Editor’s Note: One of our favorite authors, Lisa Genova is not only a renowned neuroscientist, but also the New York Times bestselling author of STILL ALICE, LEFT NEGLECTED, LOVE ANTHONY, and INSIDE THE O’BRIENS. Her new book, EVERY NOTE PLAYED, is out in bookstores now.
I read a little of everything and always two or three books at once. I read contemporary fiction to keep refining my craft and because I love a great story. Historical fiction tends to captivate me the most. I enjoy being immersed in characters and places from another time, and, when done well, to marvel at the extensive research the author did to build such seamless believability. I read nonfiction texts on neuroscience, psychology, and medicine to keep learning and because these subjects will forever fascinate me. And I read self-help because I’m committed to continually growing, and the tools and reminders offered in these books inspire me to live and love bigger. Here are a few of my favorites.
Jean-Dominque Bauby wrote this memoir one painstaking wink at a time after a massive brainstem stroke left him completely paralyzed but for his left eye. His body a prison, his mind nonetheless remained sharply intact. Stunning and eloquent, Bauby’s words still haunt me.
This book blew me away. It’s a master class in page-turning narrative: nuanced, unique, three-dimensional characters; gorgeous sentences that made me weep; exquisite sensory details. I savored every breathtaking page.
Already beloved by millions of readers, this novel follows a blind French girl and a German boy whose paths collide in occupied France as they both try to survive the devastation of World War II. The breakout hit of 2014, this beautiful novel was a finalist for the National Book Award and it just won the 2015 Pulitzer Prize for Fiction. If you haven't read it yet, this one should be at the top of your spring reading list.
This gem of a book was transformational for me. It offers insights for developing an awareness of negative, limiting thoughts and energy, and for realizing that we don’t have to absorb or cling to them. We can let them go; they are not who we are. This is the book I most often give to others.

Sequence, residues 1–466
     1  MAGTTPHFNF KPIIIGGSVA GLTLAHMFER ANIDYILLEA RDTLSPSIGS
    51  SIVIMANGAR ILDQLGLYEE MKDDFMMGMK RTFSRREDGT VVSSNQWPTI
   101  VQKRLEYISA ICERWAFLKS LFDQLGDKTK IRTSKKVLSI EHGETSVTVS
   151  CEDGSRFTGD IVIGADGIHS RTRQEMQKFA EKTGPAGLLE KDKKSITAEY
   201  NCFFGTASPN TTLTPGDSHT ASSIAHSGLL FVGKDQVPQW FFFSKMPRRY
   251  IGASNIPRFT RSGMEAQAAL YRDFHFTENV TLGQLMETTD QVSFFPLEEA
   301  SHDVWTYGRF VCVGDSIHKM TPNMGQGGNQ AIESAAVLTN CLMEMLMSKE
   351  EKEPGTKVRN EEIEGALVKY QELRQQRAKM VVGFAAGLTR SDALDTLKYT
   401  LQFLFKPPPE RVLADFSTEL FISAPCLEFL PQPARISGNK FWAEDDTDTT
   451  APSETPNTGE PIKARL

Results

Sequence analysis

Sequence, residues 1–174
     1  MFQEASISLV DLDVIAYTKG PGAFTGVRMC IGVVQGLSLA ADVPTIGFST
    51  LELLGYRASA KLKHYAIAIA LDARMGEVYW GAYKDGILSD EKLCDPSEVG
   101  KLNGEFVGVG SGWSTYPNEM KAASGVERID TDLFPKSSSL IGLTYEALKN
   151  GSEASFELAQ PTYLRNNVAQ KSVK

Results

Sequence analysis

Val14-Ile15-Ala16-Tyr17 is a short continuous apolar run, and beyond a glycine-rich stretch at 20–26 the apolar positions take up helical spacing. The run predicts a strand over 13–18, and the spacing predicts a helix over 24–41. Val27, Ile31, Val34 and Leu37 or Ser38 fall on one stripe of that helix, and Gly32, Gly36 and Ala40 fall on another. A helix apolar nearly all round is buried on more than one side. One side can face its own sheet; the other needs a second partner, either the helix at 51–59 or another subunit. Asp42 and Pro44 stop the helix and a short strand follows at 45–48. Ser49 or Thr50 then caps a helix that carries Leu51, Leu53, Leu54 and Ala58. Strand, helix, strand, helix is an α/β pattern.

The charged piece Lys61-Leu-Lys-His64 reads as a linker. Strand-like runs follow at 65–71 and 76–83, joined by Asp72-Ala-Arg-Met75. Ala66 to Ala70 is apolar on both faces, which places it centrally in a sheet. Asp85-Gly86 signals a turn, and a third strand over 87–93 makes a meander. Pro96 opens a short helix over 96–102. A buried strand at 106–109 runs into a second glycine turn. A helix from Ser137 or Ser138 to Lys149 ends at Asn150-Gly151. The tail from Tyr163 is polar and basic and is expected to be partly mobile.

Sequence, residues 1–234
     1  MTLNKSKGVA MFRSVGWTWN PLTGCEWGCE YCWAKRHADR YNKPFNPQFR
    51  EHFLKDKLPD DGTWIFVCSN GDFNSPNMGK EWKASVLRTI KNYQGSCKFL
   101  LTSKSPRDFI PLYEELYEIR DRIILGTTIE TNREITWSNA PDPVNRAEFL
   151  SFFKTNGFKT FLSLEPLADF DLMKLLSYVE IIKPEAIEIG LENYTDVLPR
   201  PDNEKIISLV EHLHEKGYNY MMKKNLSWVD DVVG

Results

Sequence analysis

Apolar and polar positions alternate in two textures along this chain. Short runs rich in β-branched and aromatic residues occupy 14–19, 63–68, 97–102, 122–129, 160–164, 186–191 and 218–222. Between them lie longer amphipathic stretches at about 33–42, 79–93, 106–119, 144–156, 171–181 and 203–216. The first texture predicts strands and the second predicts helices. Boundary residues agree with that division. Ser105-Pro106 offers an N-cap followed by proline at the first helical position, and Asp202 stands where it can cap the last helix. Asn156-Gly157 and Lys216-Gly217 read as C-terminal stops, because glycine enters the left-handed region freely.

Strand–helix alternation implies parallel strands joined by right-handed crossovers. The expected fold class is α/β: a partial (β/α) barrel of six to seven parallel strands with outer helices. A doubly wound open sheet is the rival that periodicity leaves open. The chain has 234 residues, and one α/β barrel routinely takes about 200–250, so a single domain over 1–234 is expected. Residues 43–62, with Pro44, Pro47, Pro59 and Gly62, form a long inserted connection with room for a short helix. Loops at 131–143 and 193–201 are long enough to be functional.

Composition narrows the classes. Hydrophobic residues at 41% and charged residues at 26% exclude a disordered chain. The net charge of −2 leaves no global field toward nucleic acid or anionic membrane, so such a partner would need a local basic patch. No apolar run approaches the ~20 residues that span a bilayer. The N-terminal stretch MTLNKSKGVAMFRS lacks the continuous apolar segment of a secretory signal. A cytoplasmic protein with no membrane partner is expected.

My favorite of Alice Hoffman’s many brilliant books. The research she must’ve done to write this mesmerizing story, to create these unforgettable fictional women with such vivid authenticity is astounding. Set nearly 2,000 years ago during the siege at Masada, I feel like I lived and breathed every page.
Nearly two thousand years ago, nine hundred Jews held out for months against Roman armies on Masada, a mountain in the Judean desert. The source for the recent CBS miniseries, The Dovekeepers is a beautifully written and captivating tale of four women whose lives intersect in the desperate days of the siege.
A collection of case studies describing real patients with extraordinary neurological impairments, told with compassion and an infectious curiosity about how the mind works. This is the book that ignited my passion for neuroscience.
A thrilling tour through the conscious and subconscious mind, left and right brain, the perceptual versus the real world. Mind-bendingly fun and fascinating.
Phantom limbs, synesthesia, the evolution of language, the underpinnings of empathy, art appreciation, a sense of self: How do our brains allow us to perceive, understand, interact with, and enjoy the world around us? The questions are as intriguing as the theories and answers.
Told with extraordinary vulnerability, grace, humor, and profound insight, ON PLUTO is a journey inside the mind of Greg O’Brien, a journalist living with young-onset Alzheimer’s disease. O’Brien is the poet laureate of Alzheimer’s, my personal hero. If you’re trying to understand what it feels like to live with Alzheimer’s, you need to read this book.